Jacob de Gheyn III (painting)

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Jacob de Gheyn III by Rembrandt

Jacob de Gheyn III is a famous painting.

It was painted by Rembrandt in 1632 and is the most stolen painting in the world. It has been stolen and recovered from galleries at least four times, making it the world's most stolen painting.

Every time the painting has been recovered anonymously and as a consequence nobody was accused of the theft. This painting by Rembrandt is so well known that it would be difficult for a thief to take it again.

Jacob de Gheyn III, also known as Jacob III de Gheyn (1596–1641), was a Dutch Golden Age engraver, son of Jacob de Gheyn II, canon of Utrecht (city), and the subject of a 1632 oil painting by Rembrandt. The portrait is half of a pair of pendent portraits. The other piece is a portrait of de Gheyn's friend Maurits Huygens, wearing similar clothing (ruffs and black doublets) and facing the opposite direction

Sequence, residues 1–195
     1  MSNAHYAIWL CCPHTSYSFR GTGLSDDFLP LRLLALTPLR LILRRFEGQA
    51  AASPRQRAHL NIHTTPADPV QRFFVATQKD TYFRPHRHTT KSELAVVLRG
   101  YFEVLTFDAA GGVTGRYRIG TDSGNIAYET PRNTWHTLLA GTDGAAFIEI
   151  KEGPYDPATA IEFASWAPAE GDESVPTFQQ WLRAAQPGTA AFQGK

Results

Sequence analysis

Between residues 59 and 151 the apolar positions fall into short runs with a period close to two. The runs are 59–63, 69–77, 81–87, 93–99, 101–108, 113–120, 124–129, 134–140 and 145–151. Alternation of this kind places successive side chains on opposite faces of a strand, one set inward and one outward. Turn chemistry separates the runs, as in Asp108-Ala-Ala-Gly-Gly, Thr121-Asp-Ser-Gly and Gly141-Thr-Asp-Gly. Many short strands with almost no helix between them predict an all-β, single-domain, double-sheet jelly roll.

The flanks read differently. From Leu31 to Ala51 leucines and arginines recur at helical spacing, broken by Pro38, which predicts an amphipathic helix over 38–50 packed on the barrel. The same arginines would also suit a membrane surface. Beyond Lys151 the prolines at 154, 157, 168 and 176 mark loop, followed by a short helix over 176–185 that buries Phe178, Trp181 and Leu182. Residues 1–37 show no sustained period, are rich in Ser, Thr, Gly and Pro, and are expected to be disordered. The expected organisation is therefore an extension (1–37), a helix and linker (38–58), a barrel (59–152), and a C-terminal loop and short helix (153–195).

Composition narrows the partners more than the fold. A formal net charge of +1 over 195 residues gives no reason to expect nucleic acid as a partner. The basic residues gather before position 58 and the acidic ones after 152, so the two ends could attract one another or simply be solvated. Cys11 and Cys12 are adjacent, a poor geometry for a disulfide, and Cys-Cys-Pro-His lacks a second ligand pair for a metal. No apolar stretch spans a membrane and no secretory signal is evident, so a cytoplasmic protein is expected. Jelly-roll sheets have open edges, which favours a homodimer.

As legend goes, a man by the name of Marcus Smith V was found in a gallery sneaking and slowly making his way toward the painting with intent to steal it. The ghost of Jacob de Gheyn III sneaked up behind him and killed him. the legend is most likely untrue because Smith was with a lover that night and was actually poisoned the next night.